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In solidarity

The International Center for Research on Women stands with our staff, our community, with people everywhere seeking to transform the underlying systemic inequities that perpetuate the dehumanizing violence that manifested last week in the death of George Floyd at the hands of police.

Injustice – whether targeting people on the basis of their race, gender, class, religion, age, orientation, ability, origin – will persist as long as we do not act to disrupt it. As a people, we must disassemble the structures that fuel and sustain inequity and together build a solid foundation for social justice, equity and a new direction.

George Floyd. Breonna Taylor. Tamir Rice. Ahmaud Arbery. Trayvon Martin. We have witnessed crimes against Black people and communities of color over and over. These are crimes against humanity – stark and painful indicators of the injustice and racism that have existed in this country for centuries.

For those of us in the majority, we must recognize that we have to examine our own privilege and work to dismantle the long-standing social inequities that have maintained our position of power in this society. We must all stand up when we see others pushed down and rise up together with purpose.

We at ICRW stand in solidarity with the Black community. We will use our research and advocacy platform to interrogate injustice, drive evidence-informed solutions and collaborate with our partners near and far to create a better world.

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ICRW research featured in the Journal of Adolescent Health

Adolescent Girls, Adolescent Wellbeing and Youth Development, Child Marriage

Article Date: 2019-01-24

Recently, a number of experts from ICRW were published in three different articles in the Journal of Adolescent Health, focusing on social norms and positive youth development.

The first, Measuring Social Norms Related to Child Marriage Among Adult Decision-Makers of Young Girls in Phalombe and Thyolo, Malawi, documents the process, results, and lessons learned from a baseline survey measuring social norms related to child marriage in two districts in Southern Malawi. The study found that, although child marriage may be indirectly perpetuated by norms related to adolescent sexuality and access to contraception, the practice may not be a social norm in the communities studied. Authors include ICRW’s Mara Steinhaus, Laura Hinson and A. Theodore Rizzo, as well as former ICRW researcher and current WomenStrong International expert Amy Gregowski. To read the full article, click here.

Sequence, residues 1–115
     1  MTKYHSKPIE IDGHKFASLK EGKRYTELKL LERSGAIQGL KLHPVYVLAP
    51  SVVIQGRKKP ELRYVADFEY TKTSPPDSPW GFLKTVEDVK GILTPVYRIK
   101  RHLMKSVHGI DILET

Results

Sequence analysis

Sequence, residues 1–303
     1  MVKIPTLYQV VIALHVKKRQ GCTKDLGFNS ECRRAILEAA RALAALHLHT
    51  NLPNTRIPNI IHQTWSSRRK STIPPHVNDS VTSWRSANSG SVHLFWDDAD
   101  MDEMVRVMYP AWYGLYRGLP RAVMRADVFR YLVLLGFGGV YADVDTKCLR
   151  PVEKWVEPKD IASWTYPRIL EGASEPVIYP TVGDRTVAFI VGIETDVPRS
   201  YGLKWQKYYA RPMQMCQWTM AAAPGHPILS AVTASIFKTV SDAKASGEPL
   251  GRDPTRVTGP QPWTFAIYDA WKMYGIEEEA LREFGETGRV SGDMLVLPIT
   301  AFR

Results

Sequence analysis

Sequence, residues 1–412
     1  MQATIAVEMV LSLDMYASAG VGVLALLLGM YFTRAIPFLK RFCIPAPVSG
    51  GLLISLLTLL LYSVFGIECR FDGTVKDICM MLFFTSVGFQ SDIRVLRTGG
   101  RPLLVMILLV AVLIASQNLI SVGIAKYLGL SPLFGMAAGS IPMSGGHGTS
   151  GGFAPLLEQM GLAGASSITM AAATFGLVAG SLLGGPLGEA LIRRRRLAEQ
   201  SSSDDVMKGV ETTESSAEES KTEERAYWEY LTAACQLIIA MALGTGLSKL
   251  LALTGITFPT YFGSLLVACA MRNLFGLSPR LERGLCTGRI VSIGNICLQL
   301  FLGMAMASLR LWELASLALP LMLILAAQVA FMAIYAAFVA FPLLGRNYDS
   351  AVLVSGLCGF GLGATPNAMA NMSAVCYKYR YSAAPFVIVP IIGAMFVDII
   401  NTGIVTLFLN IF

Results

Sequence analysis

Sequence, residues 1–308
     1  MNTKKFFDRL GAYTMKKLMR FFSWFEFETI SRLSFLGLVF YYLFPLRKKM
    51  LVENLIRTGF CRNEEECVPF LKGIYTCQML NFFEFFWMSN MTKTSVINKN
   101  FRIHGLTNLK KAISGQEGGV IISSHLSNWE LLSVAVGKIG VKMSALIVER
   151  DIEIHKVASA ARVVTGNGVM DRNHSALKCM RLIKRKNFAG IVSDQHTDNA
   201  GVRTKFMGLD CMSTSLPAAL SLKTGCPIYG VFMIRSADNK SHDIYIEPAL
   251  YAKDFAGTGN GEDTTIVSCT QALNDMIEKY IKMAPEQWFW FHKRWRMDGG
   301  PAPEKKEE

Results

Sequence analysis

The second publication, a commentary entitled Social Norms Measurement: Catching up With Programs and Moving the Field Forward, delves into the current state of programs being developed to shift social norms to improve adolescent and youth sexual and reproductive health (AYSRH) outcomes and highlights the need for more rigorous, practical approaches for identifying the social norms that are influencing behaviors, measure social norm change and understand how these changes impact behavioral outcomes. Authors, among others, include ICRW’s Laura Hinson. To read the full commentary, click here.

The third publication, Positive Youth Development Programs in Low- and Middle-Income Countries: A Conceptual Framework and Systematic Review of Efficacy, explores positive youth development in low- and middle-income countries (LMICs) and set out to review in-depth its impact. According to the authors, “Sixty percent of the 35 programs with rigorous evaluations demonstrated positive effects on behaviors, including substance use and risky sexual activity, and/or more distal developmental outcomes, such as employment and health indicators.” Authors include, among others, ICRW’s Chisina Kapungu, Cassandra Jessee and Meroji Sebany, as well as former ICRW experts Gina Alvarado and Suzanne Petroni. To read the full article, click here.

 

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